Research Fellows Directory
Dr Michael Smith
University of Nottingham
Concentrated suspensions are fluids containing lots of small particles (100nm - 10µm). These kinds of fluids are very common: toothpaste, mayonnaise, cement, blood, printer inks. Under the correct conditions flows of these particulate fluids may change from free flowing to jammed and solid. Understanding this process applies to, for example, inkjet printing or why blood vessels become blocked. Using model systems, where the interactions between particles are well understood we try to understand how the motion of microscopic particles gives rise to these large scale phenomena (jamming or arrest).
As particle fluids jam they try to release energy through various mechanisms such as crack formation. An important additional mechanism is known as ‘shear banding; in which the flow spontaneously separates into two regions which flow at very different speeds. During film formation (e.g paint drying) instabilities can lead to defects in the coating which are highly undesirable. Understanding the microscopic origin of these instabilities has important implications for the design of industrial products.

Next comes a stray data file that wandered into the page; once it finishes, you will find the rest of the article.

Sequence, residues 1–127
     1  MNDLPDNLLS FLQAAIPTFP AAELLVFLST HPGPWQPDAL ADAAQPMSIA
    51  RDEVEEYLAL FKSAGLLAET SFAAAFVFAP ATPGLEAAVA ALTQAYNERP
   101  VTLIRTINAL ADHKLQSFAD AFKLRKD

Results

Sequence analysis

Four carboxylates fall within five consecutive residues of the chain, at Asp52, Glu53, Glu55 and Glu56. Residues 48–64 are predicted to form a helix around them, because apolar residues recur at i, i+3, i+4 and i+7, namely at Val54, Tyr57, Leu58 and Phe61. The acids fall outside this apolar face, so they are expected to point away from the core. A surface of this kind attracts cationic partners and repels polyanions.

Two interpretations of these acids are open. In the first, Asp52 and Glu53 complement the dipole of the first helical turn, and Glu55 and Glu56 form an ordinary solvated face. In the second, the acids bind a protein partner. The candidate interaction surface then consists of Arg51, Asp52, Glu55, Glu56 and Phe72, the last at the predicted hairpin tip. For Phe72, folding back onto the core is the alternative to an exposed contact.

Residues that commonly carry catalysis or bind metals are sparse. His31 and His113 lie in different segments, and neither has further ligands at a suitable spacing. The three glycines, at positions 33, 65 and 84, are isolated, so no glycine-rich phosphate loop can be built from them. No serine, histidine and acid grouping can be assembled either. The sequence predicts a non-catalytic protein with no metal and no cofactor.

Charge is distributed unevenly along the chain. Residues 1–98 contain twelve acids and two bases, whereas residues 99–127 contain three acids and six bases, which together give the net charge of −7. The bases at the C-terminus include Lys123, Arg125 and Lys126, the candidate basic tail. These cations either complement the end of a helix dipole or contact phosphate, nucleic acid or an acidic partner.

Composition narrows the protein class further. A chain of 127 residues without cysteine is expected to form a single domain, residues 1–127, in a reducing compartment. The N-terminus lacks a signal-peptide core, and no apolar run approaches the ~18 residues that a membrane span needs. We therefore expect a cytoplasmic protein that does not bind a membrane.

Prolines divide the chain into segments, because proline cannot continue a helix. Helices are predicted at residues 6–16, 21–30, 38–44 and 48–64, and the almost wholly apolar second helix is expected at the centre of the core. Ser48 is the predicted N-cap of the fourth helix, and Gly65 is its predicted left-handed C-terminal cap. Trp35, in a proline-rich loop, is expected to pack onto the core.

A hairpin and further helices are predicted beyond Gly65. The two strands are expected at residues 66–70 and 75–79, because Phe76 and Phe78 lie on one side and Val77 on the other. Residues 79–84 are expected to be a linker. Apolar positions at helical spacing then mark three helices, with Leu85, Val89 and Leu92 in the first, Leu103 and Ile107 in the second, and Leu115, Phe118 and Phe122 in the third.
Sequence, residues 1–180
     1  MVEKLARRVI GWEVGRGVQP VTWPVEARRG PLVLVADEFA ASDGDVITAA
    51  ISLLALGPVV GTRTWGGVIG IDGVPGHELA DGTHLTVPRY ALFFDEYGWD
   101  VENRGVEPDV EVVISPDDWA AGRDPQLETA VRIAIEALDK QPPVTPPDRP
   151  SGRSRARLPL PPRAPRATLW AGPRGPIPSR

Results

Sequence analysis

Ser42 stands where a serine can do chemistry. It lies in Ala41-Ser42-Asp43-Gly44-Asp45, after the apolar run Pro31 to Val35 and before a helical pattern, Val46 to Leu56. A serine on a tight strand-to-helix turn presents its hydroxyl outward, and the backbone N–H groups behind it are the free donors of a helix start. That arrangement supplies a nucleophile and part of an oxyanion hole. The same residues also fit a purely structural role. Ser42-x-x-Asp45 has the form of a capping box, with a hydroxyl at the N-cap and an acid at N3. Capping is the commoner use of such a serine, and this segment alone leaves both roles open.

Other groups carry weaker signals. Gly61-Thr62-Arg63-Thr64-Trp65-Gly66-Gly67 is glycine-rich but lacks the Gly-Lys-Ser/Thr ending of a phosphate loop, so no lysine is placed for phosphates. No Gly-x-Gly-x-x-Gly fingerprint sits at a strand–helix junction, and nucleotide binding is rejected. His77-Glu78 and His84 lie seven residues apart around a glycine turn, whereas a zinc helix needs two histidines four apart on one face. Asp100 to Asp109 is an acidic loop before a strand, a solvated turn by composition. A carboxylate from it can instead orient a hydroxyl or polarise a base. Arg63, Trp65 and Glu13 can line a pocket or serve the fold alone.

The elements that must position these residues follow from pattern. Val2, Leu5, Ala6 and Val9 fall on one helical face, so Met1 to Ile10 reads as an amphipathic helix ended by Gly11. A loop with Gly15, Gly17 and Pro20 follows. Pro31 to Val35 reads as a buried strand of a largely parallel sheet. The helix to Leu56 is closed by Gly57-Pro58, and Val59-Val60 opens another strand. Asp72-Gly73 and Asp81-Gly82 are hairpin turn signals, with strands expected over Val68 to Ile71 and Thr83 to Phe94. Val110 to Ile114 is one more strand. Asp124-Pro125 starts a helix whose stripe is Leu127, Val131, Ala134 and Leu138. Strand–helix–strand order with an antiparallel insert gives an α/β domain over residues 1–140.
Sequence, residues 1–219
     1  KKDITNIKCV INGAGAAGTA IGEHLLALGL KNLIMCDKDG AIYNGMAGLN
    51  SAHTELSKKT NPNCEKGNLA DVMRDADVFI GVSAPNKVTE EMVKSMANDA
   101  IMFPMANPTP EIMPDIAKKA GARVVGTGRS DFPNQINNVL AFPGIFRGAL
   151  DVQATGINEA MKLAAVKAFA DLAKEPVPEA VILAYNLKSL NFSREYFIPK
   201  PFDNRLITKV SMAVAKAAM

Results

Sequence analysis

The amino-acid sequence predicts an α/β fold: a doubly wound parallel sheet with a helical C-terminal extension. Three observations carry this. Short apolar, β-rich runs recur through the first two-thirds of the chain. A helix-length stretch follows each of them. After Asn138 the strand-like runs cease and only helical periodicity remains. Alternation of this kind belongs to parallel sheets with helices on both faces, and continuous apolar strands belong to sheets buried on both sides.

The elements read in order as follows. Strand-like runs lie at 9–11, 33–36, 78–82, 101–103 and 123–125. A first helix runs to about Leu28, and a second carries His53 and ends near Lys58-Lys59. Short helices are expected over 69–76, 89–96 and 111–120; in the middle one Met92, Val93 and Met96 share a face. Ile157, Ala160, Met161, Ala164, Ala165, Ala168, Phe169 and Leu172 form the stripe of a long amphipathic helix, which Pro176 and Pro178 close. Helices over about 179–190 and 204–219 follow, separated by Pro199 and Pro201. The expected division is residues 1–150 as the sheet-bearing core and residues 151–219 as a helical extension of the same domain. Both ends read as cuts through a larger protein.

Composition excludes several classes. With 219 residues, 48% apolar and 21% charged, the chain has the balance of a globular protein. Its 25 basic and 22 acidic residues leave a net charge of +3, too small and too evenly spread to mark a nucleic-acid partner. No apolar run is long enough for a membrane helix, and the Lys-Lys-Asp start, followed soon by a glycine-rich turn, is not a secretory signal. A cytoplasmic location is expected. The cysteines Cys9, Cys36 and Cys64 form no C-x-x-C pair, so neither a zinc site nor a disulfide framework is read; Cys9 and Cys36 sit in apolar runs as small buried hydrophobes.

We are also investigating granular fluids in which small particles move randomly due to vibrations imposed on the system. This enables us to track the motion of every particle in a way that is difficult in large systems of colloidal particles. This complementary approach is being developed to understand dynamics of particles in a concentrated fluid.